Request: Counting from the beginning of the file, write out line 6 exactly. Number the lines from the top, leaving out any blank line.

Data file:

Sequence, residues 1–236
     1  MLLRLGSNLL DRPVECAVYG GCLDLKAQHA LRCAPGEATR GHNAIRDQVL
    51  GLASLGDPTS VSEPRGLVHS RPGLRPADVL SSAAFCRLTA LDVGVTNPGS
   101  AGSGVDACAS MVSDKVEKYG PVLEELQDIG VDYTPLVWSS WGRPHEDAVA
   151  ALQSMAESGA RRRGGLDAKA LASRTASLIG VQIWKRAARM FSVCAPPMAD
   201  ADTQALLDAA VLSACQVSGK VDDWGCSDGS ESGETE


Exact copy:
   201  ADTQALLDAA VLSACQVSGK VDDWGCSDGS ESGETE